Printing Industries of America’s Center for Print Economics and Management sees good things ahead for the print industry, with the packaging segment leading the way. Sales are expected to increase at a relatively robust pace in 2018 and economic-minded tax reforms come laced with opportunity.
Dr. Ronnie H. Davis, senior vice president and chief economist, and Tai McNaughton, senior economist, jointly declare, “Corporate tax reform is just what the doctor ordered to add some bounce to an already accelerating economy, as demonstrated in the jump in growth over the last three quarters of 2017.”
Elaborating on the point, they say, “For the most part, we believe the added zip in 2017 came from two major sources—deregulation and the added strength of the global economy. Given the ongoing regulatory relief and tax reform, the most likely path is accelerated growth.”
2018 Economic OutlookData courtesy of Printing Industries of America’s Center for Print Economics and Management
Ronnie and Tai further maintain, “The triple forces of tax reform, deregulation and global tailwinds should keep the American economy robust over the next 12 months. Our projection for 2018 is for real or inflation-adjusted growth to equal or exceed 3 percent for each quarter—a performance not seen in 17 years.”
The pair of industry economists expects overall print sales to increase at a relatively robust pace in the range of 1.5 percent to 2.5 percent and says, “This velocity would align with print’s tendency to perform best in a mature recovery phase of the business cycle. If the economy continues to grow in the vicinity of 3 percent, print should do well, growing by around 2 percent in total shipments.”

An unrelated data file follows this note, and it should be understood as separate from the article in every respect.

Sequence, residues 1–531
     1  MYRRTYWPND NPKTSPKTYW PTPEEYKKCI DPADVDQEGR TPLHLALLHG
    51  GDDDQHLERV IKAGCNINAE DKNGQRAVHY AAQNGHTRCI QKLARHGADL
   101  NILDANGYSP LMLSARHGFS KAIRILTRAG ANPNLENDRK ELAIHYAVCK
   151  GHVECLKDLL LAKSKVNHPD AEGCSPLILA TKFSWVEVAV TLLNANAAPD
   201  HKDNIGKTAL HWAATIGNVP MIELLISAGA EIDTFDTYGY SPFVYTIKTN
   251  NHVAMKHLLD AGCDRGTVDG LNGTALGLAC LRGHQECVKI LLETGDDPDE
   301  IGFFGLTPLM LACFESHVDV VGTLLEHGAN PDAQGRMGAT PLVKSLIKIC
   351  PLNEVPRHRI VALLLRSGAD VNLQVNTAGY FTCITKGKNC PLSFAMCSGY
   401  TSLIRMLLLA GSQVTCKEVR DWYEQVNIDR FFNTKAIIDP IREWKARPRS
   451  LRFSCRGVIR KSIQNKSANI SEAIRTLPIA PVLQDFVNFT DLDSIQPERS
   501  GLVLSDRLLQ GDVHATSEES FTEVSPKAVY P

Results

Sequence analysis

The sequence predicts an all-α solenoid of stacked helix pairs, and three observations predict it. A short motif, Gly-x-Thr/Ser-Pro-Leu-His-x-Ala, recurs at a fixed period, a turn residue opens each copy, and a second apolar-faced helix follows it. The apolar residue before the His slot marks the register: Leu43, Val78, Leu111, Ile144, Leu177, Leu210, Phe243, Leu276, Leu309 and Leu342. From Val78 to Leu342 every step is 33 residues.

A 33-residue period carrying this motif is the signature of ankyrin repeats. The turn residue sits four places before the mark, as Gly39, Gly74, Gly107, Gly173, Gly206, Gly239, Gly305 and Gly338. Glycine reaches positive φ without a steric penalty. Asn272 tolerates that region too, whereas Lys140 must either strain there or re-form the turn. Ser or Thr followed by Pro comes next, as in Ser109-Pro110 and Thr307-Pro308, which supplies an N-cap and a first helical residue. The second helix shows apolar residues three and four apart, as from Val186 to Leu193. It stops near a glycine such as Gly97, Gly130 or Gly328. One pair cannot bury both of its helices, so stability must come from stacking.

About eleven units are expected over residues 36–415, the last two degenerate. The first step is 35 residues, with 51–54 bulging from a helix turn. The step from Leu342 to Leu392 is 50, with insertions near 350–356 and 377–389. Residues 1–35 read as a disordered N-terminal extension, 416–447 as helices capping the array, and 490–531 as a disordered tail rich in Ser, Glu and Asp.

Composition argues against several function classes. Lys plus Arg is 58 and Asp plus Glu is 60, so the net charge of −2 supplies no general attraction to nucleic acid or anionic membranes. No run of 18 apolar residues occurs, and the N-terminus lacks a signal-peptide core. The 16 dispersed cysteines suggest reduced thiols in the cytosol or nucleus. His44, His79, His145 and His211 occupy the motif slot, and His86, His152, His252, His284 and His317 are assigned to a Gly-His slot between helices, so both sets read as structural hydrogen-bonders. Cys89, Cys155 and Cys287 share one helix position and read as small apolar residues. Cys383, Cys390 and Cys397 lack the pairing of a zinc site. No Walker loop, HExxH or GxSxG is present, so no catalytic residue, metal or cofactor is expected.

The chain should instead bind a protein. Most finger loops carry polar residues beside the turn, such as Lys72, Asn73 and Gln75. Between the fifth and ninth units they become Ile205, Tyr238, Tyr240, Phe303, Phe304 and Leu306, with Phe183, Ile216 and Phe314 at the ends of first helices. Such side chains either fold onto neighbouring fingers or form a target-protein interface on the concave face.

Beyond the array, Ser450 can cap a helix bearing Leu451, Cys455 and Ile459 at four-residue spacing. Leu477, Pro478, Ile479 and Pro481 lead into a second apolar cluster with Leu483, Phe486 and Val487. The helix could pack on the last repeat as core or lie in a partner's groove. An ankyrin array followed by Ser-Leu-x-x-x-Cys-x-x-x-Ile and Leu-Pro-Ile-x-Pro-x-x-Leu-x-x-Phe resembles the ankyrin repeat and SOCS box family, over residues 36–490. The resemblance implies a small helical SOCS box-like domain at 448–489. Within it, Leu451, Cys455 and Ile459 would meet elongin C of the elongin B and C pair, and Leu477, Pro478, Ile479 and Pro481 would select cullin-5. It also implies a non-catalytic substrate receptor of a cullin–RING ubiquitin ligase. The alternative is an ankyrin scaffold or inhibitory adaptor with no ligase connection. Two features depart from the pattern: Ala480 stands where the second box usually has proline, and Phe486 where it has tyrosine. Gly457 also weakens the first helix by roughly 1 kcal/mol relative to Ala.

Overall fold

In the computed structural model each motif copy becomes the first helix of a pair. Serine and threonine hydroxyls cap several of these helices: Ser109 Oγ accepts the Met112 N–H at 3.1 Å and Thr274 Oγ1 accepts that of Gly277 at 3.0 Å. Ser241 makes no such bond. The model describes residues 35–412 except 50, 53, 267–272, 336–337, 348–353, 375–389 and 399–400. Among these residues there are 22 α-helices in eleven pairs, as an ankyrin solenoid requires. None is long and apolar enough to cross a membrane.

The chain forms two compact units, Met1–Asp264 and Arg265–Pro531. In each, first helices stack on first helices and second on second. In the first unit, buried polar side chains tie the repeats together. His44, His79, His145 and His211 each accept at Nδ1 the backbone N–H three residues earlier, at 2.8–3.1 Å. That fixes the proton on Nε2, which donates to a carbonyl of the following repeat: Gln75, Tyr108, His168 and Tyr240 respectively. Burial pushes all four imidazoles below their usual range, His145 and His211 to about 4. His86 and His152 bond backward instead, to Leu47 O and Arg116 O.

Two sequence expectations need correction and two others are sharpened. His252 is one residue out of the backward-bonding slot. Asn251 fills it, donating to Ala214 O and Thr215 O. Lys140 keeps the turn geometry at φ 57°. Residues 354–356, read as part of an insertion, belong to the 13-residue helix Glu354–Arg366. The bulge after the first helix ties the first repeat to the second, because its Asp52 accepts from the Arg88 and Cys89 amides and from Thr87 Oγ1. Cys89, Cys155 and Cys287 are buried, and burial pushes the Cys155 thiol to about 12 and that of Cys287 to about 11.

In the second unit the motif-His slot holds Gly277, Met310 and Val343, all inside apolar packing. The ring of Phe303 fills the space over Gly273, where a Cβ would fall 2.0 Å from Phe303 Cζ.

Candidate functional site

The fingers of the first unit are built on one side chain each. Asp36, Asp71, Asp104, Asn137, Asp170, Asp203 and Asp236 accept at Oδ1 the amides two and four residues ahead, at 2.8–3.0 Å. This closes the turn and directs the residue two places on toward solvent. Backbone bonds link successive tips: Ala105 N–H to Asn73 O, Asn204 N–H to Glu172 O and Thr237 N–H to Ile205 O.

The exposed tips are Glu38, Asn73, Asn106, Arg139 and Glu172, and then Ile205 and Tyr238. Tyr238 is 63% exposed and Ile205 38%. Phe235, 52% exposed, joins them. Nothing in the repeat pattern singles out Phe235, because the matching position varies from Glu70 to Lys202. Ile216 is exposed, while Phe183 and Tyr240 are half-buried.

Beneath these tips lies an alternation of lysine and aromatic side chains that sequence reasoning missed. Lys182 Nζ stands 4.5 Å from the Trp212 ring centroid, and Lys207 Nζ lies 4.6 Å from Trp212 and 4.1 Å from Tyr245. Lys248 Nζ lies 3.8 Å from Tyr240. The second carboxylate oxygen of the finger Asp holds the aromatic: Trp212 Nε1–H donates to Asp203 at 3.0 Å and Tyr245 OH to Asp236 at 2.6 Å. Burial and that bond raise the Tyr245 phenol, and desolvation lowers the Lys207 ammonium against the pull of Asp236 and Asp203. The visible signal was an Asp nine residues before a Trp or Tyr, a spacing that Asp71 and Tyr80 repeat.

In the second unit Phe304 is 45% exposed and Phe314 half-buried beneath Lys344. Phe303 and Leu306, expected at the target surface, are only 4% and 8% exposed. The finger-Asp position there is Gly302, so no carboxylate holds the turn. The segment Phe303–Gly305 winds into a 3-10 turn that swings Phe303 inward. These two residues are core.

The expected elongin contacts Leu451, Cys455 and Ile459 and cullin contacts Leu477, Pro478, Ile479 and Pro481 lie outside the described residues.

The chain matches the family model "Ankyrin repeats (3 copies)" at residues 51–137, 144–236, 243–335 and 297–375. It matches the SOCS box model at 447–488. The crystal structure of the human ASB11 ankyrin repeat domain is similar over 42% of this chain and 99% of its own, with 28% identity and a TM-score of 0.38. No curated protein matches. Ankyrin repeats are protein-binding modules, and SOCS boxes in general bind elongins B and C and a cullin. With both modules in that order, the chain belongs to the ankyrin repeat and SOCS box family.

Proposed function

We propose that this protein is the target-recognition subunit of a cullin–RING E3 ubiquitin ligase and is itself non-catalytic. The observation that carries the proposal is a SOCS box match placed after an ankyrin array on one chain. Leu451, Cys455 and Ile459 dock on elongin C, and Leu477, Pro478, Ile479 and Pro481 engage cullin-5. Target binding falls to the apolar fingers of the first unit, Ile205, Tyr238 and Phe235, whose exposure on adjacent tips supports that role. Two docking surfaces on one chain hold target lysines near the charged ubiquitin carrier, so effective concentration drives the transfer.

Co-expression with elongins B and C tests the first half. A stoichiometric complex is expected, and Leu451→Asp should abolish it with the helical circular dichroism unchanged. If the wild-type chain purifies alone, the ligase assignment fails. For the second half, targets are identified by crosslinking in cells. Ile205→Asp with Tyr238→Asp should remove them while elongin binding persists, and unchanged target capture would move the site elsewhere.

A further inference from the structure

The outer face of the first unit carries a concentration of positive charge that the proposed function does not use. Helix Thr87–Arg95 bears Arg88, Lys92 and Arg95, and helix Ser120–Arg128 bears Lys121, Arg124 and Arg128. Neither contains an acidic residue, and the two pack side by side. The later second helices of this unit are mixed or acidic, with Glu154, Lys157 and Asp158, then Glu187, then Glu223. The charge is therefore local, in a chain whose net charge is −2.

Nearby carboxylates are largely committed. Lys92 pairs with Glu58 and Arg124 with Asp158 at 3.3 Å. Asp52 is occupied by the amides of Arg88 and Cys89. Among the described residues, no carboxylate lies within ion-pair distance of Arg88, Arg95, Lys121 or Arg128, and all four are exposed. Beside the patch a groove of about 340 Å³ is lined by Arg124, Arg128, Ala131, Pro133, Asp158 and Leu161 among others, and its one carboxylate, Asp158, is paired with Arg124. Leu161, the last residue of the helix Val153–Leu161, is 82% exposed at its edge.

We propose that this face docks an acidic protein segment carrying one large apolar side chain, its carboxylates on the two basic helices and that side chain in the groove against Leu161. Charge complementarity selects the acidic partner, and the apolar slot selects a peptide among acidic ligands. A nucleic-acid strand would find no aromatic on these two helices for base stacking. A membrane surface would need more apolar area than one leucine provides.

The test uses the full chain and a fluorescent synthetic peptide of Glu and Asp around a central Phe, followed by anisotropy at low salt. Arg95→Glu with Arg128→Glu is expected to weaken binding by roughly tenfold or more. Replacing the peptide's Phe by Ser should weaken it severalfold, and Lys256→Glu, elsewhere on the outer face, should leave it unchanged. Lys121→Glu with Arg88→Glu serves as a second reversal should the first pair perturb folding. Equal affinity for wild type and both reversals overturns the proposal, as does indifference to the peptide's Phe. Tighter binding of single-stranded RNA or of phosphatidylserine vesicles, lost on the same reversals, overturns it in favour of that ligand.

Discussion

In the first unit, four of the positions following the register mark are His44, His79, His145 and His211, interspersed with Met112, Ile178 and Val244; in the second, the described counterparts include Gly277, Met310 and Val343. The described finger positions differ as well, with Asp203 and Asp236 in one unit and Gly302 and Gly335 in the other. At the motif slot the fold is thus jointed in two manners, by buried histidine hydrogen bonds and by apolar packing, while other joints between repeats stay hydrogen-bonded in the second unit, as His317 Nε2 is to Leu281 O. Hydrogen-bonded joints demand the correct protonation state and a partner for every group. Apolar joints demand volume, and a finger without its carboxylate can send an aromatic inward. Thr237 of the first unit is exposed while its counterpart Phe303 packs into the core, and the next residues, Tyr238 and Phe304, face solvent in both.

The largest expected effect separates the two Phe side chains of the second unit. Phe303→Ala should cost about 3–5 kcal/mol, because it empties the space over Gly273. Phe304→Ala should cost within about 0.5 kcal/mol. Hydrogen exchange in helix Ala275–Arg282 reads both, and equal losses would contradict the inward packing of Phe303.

Describing print as a mature, stable industry, they note, “Print processes that will grow fastest over the next 12 months include inkjet—both wide format and production—wide-format digital and inkjet, and digital toner-based. Print also has some fast-growth market segments that will likely grow at relatively higher rates than other sectors, namely: packaging/specialty packaging, labels and wrappers, signage, direct mail and point of purchase.”
The suggestion put forth to printers is, “Integrating these processes and market segments—for example inkjet packaging—could turbocharge the impact and provide even more sales and profit growth.”
Ronnie and Tai are confident the 2018 economic and print market setting will be full of opportunities, yet ripe with challenges. “Success will not come by chance but by proper planning and focus.” Specifically, they offer six steps to success for 2018 and beyond.
“Studies show that business managers who take the time to think strategically outperform those who don’t. For printers, this includes addressing the dual issues of product/service focus and value-added ancillary services,” the economists explain.
“Financial performance typically correlates with specialization by a printed product or vertical market. Also, diversification into various ancillary services usually correlates with higher profits.”
Percent Changes in GDP and Print, 2017-2018Data courtesy of Printing Industries of America’s Center for Print Economics and Management
Cost, Customer, Competition
“Execute the three Cs of pricing—cost, customer and competition,” they stress. “Profits result from some combination of lower costs, higher prices and/or increased sales. Too often, printers focus on costs and sales, and ignore pricing and utilization rates. Profit leaders have higher earnings for two core reasons—lower costs or higher prices. Develop a more nuanced and complete view of the relationships between costs, price and utilization rates.”